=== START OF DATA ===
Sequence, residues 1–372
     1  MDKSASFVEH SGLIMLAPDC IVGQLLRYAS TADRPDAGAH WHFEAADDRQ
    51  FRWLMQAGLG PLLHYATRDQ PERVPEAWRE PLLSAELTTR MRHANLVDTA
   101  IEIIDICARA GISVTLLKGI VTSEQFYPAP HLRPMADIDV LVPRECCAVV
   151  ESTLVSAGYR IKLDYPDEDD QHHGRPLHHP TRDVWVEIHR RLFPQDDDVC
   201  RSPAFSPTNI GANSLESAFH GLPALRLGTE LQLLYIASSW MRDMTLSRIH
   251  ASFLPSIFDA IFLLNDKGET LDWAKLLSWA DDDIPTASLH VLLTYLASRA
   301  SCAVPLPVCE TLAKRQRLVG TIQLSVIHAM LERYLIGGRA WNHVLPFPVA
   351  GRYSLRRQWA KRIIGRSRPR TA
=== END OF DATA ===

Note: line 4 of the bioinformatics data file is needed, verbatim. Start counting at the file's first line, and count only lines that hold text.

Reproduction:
   101  IEIIDICARA GISVTLLKGI VTSEQFYPAP HLRPMADIDV LVPRECCAVV